The Easy Part Is Over for Michael Bloomberg

He got lit up on Wednesday night. The season of dog-snout shaking is now officially over.

Former New York City Mayor Mike Bloomberg at the Democratic presidential primary debate Wednesday, Feb. 19, 2020, in Las Vegas, Nevada.John Locher/Associated Press

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Michael Bloomberg’s campaign for president has been an attempt to reinvent the presidential primary process entirely. The billionaire and former three-term mayor of New York City jumped into a race that was already well underway, skipped the first two contests (and the third, and the fourth), and hatched a scheme to emerge on Super Tuesday as the party’s last best hope to defeat Bernie Sanders and Donald Trump.

It was a neat little trick. Because he didn’t have small-dollar donors, he couldn’t participate in any of the debates, and because he didn’t participate in any of the debates, he existed on an entirely different plane from everyone else, above and beyond the Midwestern passive aggression and canned zingers and the same three questions about Medicare for All asked 27 different ways. And it’s been working! In a few short months, Bloomberg picked up the endorsement of seemingly every mayor of a midsize American city, spent more than $350 million on ads and campaign staff, tried to shake a dog’s mouth, started a Weird Twitter account, and got a lot of people’s hairdressers and their friends to think that Barack Obama had endorsed him. (Spoiler: He hasn’t.) Oh, and at some point along the way, Michael was shortened to just “Mike.”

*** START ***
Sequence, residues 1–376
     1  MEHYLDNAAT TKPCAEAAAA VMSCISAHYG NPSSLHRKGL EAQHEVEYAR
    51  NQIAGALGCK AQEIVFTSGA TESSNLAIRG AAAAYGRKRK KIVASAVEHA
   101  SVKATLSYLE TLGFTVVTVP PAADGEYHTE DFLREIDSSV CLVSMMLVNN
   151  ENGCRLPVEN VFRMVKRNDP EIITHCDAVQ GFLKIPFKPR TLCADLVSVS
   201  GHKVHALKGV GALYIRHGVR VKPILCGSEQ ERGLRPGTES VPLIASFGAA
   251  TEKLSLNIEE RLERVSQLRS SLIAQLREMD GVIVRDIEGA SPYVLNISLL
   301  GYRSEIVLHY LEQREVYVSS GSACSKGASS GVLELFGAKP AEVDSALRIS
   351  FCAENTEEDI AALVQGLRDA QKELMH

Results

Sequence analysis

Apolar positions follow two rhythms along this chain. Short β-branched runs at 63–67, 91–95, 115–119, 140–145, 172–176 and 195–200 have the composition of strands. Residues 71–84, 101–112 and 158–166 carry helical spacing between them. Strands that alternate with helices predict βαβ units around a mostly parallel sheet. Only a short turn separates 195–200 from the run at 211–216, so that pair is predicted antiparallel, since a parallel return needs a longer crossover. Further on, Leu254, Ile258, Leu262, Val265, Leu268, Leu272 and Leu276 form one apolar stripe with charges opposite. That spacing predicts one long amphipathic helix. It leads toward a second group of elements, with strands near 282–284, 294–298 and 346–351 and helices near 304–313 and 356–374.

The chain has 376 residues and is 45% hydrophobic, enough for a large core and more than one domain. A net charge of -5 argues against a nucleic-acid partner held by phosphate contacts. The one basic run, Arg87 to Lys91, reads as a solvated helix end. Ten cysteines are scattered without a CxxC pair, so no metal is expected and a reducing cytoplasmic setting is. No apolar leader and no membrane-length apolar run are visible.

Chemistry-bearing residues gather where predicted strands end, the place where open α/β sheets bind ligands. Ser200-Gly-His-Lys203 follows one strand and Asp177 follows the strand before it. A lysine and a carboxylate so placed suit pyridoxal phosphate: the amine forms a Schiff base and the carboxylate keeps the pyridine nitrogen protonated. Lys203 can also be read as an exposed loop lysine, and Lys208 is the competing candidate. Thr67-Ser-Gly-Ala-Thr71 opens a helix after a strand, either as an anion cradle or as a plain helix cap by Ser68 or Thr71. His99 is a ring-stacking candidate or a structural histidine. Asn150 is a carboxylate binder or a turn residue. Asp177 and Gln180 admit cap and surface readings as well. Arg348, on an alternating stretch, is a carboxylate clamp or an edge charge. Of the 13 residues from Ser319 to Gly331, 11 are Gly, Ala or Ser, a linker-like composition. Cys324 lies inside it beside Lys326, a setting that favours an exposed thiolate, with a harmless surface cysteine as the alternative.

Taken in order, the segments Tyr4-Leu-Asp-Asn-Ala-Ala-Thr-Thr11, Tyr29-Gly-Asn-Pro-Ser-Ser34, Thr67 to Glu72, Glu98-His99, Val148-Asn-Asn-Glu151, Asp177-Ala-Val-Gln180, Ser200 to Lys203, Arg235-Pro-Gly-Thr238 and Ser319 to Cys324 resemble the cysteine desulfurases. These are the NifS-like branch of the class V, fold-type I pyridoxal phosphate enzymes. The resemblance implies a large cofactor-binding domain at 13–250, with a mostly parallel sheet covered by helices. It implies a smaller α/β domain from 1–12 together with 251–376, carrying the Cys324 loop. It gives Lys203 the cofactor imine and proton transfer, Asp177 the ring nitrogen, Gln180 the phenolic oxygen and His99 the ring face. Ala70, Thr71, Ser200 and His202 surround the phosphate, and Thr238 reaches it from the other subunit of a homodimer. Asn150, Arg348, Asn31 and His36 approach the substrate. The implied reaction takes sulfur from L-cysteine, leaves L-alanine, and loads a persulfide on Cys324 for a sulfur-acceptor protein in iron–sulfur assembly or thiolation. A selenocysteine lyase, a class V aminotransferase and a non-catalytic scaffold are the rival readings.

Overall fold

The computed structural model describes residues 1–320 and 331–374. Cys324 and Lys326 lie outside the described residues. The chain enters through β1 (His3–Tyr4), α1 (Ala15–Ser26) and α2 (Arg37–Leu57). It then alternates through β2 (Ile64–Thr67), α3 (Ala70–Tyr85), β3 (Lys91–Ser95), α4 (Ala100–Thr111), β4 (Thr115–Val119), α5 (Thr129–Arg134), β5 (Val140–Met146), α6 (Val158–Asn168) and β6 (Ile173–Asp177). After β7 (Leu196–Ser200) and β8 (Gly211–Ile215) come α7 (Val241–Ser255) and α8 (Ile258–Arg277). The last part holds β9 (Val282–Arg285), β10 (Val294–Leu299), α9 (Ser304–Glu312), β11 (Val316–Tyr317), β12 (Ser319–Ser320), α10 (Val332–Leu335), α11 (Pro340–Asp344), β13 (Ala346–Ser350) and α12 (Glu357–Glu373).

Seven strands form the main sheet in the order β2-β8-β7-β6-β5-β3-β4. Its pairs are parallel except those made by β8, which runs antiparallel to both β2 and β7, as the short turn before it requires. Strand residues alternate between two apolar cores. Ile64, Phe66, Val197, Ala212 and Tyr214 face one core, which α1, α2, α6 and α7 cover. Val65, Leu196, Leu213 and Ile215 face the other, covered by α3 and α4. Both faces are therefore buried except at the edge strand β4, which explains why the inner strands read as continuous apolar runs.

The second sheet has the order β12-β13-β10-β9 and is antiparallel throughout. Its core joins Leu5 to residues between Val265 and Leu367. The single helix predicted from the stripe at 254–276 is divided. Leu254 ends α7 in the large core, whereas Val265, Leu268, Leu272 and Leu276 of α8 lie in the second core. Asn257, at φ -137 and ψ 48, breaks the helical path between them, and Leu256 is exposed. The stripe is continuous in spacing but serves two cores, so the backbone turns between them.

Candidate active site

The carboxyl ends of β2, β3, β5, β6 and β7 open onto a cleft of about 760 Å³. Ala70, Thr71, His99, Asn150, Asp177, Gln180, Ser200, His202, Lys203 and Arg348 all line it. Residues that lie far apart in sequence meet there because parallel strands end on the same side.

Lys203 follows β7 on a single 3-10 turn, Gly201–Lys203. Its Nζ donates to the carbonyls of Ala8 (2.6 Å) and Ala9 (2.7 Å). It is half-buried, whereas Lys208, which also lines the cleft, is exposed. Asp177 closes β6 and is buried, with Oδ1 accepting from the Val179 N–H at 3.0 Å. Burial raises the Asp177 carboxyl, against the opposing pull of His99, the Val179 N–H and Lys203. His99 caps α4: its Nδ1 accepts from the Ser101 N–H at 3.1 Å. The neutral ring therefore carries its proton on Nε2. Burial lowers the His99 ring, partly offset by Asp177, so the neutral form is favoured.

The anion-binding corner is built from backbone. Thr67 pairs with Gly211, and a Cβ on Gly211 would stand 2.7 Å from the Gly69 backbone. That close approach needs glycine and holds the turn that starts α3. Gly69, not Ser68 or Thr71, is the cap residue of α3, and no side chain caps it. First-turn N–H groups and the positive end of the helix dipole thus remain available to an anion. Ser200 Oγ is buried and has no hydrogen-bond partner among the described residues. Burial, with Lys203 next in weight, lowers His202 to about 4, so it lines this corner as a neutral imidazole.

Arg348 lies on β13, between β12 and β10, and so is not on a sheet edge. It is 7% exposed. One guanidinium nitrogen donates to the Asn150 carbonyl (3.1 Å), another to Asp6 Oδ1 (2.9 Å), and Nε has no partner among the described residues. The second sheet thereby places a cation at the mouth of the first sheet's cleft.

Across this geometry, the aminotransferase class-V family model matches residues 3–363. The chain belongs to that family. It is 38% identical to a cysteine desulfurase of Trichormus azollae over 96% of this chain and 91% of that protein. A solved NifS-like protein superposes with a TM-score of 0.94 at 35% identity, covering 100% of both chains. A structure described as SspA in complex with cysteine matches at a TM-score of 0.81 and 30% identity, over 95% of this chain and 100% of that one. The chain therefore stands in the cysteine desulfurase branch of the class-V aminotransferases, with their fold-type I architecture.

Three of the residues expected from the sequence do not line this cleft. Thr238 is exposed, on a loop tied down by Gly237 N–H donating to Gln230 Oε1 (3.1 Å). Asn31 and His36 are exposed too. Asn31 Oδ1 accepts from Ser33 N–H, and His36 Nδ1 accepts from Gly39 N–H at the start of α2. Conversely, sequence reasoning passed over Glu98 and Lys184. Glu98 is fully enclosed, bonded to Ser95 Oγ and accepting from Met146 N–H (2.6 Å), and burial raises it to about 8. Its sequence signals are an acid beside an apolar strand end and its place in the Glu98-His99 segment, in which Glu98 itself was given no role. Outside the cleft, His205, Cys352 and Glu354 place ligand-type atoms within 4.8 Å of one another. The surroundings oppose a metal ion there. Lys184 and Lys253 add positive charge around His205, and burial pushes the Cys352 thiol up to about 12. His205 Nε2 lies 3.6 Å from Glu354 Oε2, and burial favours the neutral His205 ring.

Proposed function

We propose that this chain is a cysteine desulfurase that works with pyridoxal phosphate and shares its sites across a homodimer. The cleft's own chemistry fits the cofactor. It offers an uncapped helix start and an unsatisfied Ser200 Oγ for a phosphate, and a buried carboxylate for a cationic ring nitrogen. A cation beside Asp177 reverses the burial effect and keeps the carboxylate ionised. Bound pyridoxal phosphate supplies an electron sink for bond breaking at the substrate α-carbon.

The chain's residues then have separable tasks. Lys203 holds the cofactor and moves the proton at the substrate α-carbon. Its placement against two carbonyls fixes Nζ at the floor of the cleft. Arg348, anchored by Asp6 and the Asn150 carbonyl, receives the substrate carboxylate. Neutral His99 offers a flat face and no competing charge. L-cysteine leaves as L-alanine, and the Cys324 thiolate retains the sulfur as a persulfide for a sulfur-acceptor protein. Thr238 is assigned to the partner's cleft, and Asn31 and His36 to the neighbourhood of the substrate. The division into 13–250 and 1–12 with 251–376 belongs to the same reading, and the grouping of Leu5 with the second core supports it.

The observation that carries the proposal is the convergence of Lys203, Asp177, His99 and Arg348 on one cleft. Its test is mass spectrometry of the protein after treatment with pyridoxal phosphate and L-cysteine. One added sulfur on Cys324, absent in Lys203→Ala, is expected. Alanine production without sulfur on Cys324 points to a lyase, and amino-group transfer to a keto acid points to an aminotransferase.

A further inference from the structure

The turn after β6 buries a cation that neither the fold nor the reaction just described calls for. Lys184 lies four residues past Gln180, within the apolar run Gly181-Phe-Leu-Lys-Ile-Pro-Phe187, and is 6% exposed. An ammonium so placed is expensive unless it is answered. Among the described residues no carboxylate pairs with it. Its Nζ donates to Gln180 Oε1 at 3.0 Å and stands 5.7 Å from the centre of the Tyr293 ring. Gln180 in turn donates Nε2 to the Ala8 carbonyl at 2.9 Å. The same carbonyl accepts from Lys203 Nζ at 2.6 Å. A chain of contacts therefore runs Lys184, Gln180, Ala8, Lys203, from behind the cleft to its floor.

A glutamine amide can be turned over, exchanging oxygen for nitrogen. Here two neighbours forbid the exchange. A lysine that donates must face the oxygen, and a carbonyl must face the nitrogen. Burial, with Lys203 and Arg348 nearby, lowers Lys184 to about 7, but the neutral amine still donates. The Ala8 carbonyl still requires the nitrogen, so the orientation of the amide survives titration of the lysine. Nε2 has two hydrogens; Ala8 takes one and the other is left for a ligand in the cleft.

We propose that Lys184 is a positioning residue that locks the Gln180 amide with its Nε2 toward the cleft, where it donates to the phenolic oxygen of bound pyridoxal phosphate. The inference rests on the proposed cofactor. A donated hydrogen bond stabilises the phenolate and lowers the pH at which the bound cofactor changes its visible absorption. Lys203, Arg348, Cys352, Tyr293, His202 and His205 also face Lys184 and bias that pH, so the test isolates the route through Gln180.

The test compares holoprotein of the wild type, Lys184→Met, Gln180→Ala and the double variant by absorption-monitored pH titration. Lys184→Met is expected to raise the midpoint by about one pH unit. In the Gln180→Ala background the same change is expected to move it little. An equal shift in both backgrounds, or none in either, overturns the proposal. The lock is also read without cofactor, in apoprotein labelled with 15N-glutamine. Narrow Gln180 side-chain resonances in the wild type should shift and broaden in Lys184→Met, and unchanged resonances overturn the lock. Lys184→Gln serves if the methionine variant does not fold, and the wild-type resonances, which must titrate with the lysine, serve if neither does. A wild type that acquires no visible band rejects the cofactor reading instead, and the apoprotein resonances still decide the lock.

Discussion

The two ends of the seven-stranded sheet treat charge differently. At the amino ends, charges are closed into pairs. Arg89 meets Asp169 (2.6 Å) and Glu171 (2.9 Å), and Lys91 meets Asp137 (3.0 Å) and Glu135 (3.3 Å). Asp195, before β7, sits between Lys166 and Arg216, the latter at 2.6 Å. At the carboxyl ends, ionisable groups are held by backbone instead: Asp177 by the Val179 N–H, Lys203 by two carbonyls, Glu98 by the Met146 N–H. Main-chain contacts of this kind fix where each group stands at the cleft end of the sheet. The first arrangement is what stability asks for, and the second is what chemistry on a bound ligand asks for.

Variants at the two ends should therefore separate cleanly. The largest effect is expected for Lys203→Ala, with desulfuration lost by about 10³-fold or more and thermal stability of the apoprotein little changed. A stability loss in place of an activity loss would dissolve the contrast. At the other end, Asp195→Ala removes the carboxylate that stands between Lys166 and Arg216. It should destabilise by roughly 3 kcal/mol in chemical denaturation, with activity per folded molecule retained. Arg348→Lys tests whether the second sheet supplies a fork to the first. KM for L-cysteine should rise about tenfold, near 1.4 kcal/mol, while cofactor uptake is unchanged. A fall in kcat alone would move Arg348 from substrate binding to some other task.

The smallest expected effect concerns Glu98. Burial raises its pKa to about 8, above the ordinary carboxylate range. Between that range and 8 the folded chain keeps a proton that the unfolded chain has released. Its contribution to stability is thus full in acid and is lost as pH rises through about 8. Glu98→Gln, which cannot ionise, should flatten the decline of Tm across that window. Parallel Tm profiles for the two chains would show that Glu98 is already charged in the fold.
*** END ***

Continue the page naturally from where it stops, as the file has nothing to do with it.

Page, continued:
You can cut the line, it turns out, but sooner or later the line catches up with you.

On Wednesday, after the debate’s donor thresholds were scrapped and Bloomberg qualified for the showdown in Las Vegas, he was hit with not just the harshest scrutiny he’s faced during the 2020 presidential primary, but perhaps some of the toughest scrutiny he’s faced at any point in his political career. Sanders, the frontrunner, was more than happy to cast the Wall Street–defending billionaire as the antithesis of his political revolution. But the other four candidates, led time and again by Elizabeth Warren, took turns highlighting and condemning several decades of comments, policies, and contradictions. Bloomberg’s greatest asset in his run for the presidency has been the ability to air his own message, while deflecting whatever comes his way—a trait BuzzFeed compared to a “Trump-like Teflon.” But up until he took the stage at the Paris casino, it had never really been tested.